Disaster fatigue -- it's only going to get worse


Wasn't that great this afternoon -- seeing President Obama bound into the White House press room with the band back together again, with Bubba on his left and W. on his right, promising the world that the United States is going the full-Haiti with a massive relief effort for flood-ravaged Pakistan, or Pak-ee-stan, as POTUS called it. This is purely a case where good humanity equals good politics. Speeding up aid to the region will not only save thousands of vulnerable flood victims, but a side effect will be a rare chance to gain good will for America and American ideals in southern Pakistan, a key region that hasn't completely turned against the West as so many of their neighbors in the militant north have done.

Oh wait, I just realized something...

That never happened.

In fact, Obama is busy jetting around the country vacuuming up campaign cash for his fellow Dems, far from humanitarian mode. But then no one is pressuring the White House or other political leaders to do anything. On the main news aggregators of the left and the right -- the Huffington Post and the Drudge Report -- the story has completely dropped off the page this afternoon.

So things must be getting better, right? Not exactly:

KARACHI, Pakistan — Even as the government and international relief workers struggle to get food and clean water to millions of Pakistanis devastated by floods, concerns are growing about the enduring toll of the disaster on the nation’s overall economy, food supply and political stability.

More rains battered the country Monday, adding to the worst flooding in memory and confronting Pakistan with a complex array of challenges, government and relief officials warned. Though they ranged over the immediate, medium and long term, nearly all needed to be addressed urgently for Pakistan to avoid lasting calamity.

Providing clean water for millions and avoiding the spread of diseases like cholera was the first priority. But there were also looming food shortages and price spikes, even in cities, and the danger that farmers would miss the fall planting season, raising the prospect of a new cycle of shortfalls next year in a country that produces much of its own food.

“There was a first wave of deaths caused by the floods themselves,” Maurizio Giuliano, a United Nations spokesman, said. “But if we don’t act soon enough there will be a second wave of deaths caused by a combination of lack of clean water, food shortages and water-borne and vector-borne diseases. The picture is a gruesome one.”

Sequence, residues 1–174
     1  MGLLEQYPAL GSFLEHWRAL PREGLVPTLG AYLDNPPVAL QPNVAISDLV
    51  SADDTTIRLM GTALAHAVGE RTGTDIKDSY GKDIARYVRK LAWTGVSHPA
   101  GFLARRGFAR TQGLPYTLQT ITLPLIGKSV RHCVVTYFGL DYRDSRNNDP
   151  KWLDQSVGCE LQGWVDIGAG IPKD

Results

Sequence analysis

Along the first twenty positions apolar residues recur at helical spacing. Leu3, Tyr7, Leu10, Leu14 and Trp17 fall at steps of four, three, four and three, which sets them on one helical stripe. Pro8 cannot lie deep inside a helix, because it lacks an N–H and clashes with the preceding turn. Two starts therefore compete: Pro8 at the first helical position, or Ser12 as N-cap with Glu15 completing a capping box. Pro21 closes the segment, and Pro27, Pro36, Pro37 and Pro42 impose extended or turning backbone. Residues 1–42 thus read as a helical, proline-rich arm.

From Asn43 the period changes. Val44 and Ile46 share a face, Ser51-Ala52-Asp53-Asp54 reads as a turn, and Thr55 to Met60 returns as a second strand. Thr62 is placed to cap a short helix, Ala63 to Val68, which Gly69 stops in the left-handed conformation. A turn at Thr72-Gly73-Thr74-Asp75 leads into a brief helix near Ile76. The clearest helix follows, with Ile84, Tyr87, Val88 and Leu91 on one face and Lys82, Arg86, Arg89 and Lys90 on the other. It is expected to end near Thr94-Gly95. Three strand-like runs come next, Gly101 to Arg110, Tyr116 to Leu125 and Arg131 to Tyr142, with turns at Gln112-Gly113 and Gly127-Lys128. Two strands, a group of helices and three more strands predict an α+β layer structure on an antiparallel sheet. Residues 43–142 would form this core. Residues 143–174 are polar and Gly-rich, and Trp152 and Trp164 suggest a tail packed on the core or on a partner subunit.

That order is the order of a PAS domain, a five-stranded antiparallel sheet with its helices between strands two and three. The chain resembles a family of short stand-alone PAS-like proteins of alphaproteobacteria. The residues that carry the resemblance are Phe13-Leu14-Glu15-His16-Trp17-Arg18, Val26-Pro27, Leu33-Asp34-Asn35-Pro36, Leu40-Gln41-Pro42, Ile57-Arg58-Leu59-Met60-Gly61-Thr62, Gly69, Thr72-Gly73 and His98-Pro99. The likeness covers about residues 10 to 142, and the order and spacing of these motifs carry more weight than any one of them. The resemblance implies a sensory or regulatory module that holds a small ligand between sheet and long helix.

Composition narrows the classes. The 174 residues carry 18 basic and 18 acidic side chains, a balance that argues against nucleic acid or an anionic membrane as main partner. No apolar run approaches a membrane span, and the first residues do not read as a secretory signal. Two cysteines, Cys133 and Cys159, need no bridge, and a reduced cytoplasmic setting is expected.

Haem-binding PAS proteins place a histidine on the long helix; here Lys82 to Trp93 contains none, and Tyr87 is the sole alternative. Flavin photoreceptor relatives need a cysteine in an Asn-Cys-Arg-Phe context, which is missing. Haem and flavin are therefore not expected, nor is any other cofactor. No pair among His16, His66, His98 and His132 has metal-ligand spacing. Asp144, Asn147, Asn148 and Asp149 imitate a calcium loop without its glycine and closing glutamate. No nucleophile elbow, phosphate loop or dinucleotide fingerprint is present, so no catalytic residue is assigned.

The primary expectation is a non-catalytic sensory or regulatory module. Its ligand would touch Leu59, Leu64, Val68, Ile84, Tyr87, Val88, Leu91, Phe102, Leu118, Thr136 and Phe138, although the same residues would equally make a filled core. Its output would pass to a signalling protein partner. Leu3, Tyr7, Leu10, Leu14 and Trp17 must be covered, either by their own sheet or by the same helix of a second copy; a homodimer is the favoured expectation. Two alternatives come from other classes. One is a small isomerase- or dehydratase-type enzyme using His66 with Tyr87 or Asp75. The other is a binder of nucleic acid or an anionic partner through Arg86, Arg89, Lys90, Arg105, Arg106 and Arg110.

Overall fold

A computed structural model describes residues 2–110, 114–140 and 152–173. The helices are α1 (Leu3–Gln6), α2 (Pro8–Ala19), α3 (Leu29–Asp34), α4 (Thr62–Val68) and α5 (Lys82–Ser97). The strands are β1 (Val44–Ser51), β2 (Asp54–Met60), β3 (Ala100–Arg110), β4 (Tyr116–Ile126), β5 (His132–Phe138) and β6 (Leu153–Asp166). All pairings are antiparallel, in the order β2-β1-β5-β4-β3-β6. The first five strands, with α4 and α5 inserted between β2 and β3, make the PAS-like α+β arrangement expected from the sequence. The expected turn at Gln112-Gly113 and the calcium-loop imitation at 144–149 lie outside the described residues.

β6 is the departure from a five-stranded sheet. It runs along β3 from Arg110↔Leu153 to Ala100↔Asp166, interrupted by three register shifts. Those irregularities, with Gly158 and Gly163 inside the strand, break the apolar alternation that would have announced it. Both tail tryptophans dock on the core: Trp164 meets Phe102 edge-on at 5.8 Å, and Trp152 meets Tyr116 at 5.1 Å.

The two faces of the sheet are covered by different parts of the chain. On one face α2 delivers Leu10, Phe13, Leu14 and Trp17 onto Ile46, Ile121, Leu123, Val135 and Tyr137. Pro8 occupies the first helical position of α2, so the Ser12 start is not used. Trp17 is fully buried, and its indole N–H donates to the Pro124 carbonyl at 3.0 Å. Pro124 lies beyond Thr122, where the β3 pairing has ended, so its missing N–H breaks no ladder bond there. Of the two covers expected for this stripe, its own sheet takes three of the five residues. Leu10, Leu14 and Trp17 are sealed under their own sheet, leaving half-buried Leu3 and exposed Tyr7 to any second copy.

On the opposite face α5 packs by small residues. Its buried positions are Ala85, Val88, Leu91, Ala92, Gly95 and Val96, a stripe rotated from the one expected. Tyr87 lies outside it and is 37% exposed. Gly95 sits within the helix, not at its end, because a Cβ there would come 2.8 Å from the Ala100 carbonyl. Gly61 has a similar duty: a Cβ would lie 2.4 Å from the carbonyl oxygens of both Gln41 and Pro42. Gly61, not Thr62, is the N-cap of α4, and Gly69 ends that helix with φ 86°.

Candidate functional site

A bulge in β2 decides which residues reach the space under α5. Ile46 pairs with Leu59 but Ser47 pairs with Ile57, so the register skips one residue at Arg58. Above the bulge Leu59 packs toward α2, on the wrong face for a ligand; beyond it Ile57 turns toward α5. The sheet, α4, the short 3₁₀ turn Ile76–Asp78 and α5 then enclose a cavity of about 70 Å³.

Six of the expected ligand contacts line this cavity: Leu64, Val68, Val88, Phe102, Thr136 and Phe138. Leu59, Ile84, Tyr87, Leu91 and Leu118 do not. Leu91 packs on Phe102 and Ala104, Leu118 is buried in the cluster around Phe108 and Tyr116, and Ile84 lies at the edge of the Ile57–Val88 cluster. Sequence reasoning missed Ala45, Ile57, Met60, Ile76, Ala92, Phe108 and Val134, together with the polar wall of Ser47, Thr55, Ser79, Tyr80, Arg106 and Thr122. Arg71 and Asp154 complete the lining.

But we're not acting. I think America and the world are suffering from disaster fatigue -- and it's only going to get worse. Natural disasters are always a part of life here in Earth, but you don't need a weatherman to see that the pace of catastrophes is getting worse, that in particular droughts and floods are on the rise, and in exactly the ways that many scientists predicted under a global warming scenario.

Moscow and the key regions of Russia that surround it are on fire, and the geopolitical impact of the drought there on grain production and prices are beginning to effect us all. Meanwhile, record flooding in Iowa barely causes a flip. The record hot summer of 2010 -- among other things -- sends more moisture in the air, and when it comes down the potential for floods is catastrophic. But in Pakistan, scene to some of the worst flooding in our lifetimes, civilization already seems too exhausted to fight back, wondering how soon the next shoe will drop somewhere on this fragile planet.

Just because Obama, and other U.S. and world leaders and the media aren't doing much doesn't mean that you can't. There are some good lists of how you can help Pakistan:

The following charities are assisting with relief efforts in Pakistan. Click the links below to contribute to their efforts.

Make a donation by credit card at the website of the U.N. High Commissioner for Refugees, or text SWAT to 50555 to donate $10.

Contact UNICEF.

Make a donation to CARE.

Islamic Relief USA.

International Committee of the Red Cross.

Oxfam America.

"We have a huge task in front of us," said the UN's Holmes. "The death toll has so far been relatively low compared to other major natural disasters, but the numbers affected are extraordinarily high. If we don't act fast enough, many more people could die of disease and food shortages."

There's been a lot of talk about "charity" this year (it's just after 5 -- turn on Fox News and you'll see what I mean) but this is another chance for everyday Americans to walk the walk, as we have done many times before. Yes, there may be another disaster tomorrow -- but Pakistan needs help today.